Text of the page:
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Big Crunch in an Open Universe

  1. Jul 2, 2010 #1
    I have read from online sites and in books about the FLRW model which provides curvature to the universe via math problems. In the three models, there is a flat universe which is equal to zero and will have the same fate as an open universe, a spherical universe which is greater than one and will have the same fate as a closed universe and a negatively curved universe which is less than one and will have the same fate as an open universe.

    My question is, since a big crunch is more than likely to occur in a closed universe, can it still occur in an open universe if the right conditions occur?
  2. jcsd
  3. Jul 3, 2010 #2


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    Your information is out of date, JC.

    A universe which is spatially closed, for instance space being a hypersphere---being spherical, as you said---does not have to undergo a crunch. It can expand forever at an increasing rate.

    The mainstream view changed in 1998. Before that, people would talk in terms of those three types you mentioned. The "open", the "flat", and the "closed". In those old, pre-1998 discussions, the "closed" model always ended in a crunch.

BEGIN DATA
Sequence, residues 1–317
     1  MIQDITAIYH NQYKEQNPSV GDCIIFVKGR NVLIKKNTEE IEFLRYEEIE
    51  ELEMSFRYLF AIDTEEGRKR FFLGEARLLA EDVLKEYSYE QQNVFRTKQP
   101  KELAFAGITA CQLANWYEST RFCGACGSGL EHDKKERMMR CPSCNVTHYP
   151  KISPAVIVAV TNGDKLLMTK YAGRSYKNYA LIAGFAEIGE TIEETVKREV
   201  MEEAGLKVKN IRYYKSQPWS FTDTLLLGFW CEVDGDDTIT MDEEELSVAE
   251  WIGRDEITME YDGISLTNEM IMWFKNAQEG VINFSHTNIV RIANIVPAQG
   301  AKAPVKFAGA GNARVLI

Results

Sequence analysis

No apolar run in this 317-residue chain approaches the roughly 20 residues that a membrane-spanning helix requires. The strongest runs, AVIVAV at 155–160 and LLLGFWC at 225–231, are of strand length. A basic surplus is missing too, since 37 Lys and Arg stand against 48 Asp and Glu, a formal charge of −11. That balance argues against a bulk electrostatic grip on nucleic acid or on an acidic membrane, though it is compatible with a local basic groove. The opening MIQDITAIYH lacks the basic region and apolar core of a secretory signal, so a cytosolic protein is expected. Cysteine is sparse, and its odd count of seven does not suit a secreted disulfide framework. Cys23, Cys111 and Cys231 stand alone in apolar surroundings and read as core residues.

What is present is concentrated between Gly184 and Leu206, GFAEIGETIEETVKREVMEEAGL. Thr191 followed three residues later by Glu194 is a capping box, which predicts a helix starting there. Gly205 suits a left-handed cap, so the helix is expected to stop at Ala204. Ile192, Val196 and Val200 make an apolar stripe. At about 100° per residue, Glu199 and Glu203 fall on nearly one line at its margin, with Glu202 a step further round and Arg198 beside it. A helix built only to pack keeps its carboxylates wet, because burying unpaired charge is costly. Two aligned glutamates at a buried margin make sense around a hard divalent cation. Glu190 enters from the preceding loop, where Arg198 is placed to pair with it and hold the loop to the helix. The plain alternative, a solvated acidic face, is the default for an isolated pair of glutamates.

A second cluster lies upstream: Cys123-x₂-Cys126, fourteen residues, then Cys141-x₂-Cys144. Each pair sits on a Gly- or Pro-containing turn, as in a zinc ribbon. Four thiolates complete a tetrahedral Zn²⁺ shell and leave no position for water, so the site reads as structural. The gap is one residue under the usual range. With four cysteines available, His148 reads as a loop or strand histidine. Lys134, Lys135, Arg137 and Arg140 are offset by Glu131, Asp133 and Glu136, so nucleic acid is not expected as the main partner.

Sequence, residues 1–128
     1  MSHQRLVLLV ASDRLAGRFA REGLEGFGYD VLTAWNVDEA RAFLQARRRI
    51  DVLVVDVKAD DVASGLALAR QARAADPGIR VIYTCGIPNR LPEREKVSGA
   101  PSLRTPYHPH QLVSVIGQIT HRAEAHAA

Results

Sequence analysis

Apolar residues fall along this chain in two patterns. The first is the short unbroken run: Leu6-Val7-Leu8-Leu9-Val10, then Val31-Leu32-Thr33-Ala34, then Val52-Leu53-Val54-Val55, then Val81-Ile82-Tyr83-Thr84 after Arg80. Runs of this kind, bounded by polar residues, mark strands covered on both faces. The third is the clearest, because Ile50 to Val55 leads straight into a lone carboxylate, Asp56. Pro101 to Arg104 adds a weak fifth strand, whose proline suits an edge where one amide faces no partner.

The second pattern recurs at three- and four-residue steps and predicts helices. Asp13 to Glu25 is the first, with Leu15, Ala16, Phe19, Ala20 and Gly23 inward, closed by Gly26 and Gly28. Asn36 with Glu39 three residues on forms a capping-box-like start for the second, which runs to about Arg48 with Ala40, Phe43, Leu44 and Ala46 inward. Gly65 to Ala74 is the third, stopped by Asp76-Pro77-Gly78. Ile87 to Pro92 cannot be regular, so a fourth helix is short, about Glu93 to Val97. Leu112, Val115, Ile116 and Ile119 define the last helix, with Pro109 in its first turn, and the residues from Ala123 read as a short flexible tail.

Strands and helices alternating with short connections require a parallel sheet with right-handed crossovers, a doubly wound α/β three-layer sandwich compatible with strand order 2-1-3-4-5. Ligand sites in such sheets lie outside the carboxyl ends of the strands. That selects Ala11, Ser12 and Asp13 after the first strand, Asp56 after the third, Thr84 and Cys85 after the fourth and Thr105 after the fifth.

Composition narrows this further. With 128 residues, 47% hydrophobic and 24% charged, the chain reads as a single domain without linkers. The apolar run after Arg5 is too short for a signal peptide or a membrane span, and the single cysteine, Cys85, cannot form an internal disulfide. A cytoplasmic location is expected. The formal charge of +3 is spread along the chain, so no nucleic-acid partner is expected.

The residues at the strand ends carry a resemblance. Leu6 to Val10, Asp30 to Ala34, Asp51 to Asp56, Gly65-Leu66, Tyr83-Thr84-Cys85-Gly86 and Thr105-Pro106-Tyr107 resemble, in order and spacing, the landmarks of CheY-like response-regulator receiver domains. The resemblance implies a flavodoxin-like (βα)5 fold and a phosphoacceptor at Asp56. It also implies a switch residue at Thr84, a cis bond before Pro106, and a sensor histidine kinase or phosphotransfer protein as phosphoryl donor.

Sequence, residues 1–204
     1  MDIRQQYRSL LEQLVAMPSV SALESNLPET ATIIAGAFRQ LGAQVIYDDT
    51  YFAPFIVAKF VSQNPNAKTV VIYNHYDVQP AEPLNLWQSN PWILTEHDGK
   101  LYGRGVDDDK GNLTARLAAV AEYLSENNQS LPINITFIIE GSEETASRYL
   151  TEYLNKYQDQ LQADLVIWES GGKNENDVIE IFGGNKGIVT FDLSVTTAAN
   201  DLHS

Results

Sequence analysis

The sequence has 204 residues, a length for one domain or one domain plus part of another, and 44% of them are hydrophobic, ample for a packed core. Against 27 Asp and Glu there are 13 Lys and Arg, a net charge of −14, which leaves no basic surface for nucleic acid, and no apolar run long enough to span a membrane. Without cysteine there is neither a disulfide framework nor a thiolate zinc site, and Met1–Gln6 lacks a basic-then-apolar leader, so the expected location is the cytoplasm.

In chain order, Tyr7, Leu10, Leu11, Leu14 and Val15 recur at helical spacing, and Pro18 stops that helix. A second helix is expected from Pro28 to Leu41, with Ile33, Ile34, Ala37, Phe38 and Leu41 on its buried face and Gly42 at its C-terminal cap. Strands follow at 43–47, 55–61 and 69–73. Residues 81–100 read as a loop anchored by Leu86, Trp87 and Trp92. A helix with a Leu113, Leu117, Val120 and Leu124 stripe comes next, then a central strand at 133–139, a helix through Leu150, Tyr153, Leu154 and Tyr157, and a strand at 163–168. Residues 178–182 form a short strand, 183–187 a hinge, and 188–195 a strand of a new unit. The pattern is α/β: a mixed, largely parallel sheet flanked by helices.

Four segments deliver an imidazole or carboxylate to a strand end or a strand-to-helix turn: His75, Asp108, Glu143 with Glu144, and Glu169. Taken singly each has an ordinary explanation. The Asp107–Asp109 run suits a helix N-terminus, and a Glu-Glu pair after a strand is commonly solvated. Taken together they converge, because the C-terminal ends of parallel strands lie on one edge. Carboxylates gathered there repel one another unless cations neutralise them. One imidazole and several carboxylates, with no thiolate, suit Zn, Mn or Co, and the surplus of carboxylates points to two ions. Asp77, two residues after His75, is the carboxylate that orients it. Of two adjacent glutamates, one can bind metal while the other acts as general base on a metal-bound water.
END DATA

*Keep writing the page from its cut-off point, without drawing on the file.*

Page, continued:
You should probably trash any books that give that outdated view, and get rid of any online material that presents those three types like that. Cosmology has changed a lot since 1998. The obsolete books and articles can confuse people.

    First learn cosmology in the standard case assuming a small constant positive Lambda (which the data suggests) and then if you want speculate about what would happen if Lambda was gradually changing (but so far no clear evidence of this.)

    Yes, if Lambda changed very radically it could make an "open" universe eventually crunch. But that is very speculative and iffy. The current value of Lambda was only measured for the first time in 1998 and people are still studying it and taking more data to pin it down. Too early to consider it anything but a small positive constant.
    Last edited: Jul 3, 2010
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